1. Limited time only! Sign up for a free 30min personal tutor trial with Chegg Tutors
    Dismiss Notice
Dismiss Notice
Join Physics Forums Today!
The friendliest, high quality science and math community on the planet! Everyone who loves science is here!

Homework Help: Reynolds Transport Theorem Notational Issue

  1. Oct 14, 2009 #1
    Perhaps someone can clear up some confusion for me. EQs (1) and (2) are synonymous, but use different notations for the derivative.

    In my textbook, the RTT is written in the following form:

    Given some fluid property 'B,' let [itex]\beta[/itex] be the intensive property [itex]\beta = d\, B/d\, m[/itex]. Then the rate of change of B of the system can be written in terms of a control volume:

    [tex]\frac{d}{dt}(B_{sys}) = \frac{d}{dt}(\int_{cv}\beta\rho\,dV) + \int_{cs}\beta\rho(\mathbf{v}\cdot\mathbf{n})\, dA \,\,\,\,\,\,\,\,\,(1)[/tex]

    But, I have seen it elsewhere using partials on the RHS and material derivative on the LHS:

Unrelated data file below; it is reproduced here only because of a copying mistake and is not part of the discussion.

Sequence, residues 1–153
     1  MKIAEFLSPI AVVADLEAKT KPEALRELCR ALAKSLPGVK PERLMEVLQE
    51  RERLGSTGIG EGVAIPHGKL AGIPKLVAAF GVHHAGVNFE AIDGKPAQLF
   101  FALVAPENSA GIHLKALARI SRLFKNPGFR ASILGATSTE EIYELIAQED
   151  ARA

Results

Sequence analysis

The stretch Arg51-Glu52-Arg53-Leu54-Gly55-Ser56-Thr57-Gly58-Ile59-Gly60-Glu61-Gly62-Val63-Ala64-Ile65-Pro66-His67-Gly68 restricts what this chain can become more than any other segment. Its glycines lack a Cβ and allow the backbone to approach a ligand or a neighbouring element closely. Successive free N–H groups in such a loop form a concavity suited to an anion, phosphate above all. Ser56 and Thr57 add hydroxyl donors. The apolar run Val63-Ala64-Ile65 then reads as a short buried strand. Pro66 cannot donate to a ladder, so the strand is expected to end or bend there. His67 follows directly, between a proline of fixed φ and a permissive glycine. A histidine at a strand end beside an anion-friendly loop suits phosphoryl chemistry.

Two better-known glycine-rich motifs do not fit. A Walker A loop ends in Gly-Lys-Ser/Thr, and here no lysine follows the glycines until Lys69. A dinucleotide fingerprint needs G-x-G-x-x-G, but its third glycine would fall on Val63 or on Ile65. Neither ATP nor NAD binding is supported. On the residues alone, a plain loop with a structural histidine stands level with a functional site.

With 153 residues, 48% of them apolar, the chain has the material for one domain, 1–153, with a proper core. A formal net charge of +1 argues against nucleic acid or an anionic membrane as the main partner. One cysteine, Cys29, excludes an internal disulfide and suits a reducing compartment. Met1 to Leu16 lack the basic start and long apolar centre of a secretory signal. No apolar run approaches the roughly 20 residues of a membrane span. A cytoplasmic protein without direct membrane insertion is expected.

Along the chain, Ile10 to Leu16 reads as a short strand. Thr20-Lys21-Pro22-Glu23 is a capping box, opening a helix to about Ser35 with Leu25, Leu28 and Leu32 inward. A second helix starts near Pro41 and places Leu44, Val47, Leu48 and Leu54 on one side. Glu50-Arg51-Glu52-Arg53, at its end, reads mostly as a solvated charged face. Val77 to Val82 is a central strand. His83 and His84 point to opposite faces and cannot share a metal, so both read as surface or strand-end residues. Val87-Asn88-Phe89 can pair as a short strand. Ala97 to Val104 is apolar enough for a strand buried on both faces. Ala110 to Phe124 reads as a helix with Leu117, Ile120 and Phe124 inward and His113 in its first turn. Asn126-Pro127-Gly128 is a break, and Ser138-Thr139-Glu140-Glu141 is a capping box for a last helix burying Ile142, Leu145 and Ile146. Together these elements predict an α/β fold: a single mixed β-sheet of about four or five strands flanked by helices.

[tex]\frac{D}{Dt}(B_{sys}) = \frac{\partial}{\partial{t}}(\int_{cv}\beta\rho\,dV) + \int_{cs}\beta\rho(\mathbf{v}\cdot\mathbf{n})\, dA\,\,\,\,\,\,\,\,(2)[/tex]

    So my questions are :

    i.) Comparing the left-hand-sides of (1) and (2) I presume that [itex]d/dt \equiv D/Dt[/itex] ?

    ii.) Why are we using partials, [itex]\partial/\partial{t}[/itex], in (2) and not in (1) ?

    iii.) With regard to the material derivative, what is it exactly? Am I correct in saying that with respect to fluid motion, EQs (1) and (2) tell us about the change in a fluid property 'B' as we follow the system upstream?
    Last edited: Oct 14, 2009
  2. jcsd
  3. Oct 14, 2009 #2
    I have reformulated my question in attempt to attract some responses. I hope my questions are now clear and concise.

    Any ideas are welcome :smile:
Share this great discussion with others via Reddit, Google+, Twitter, or Facebook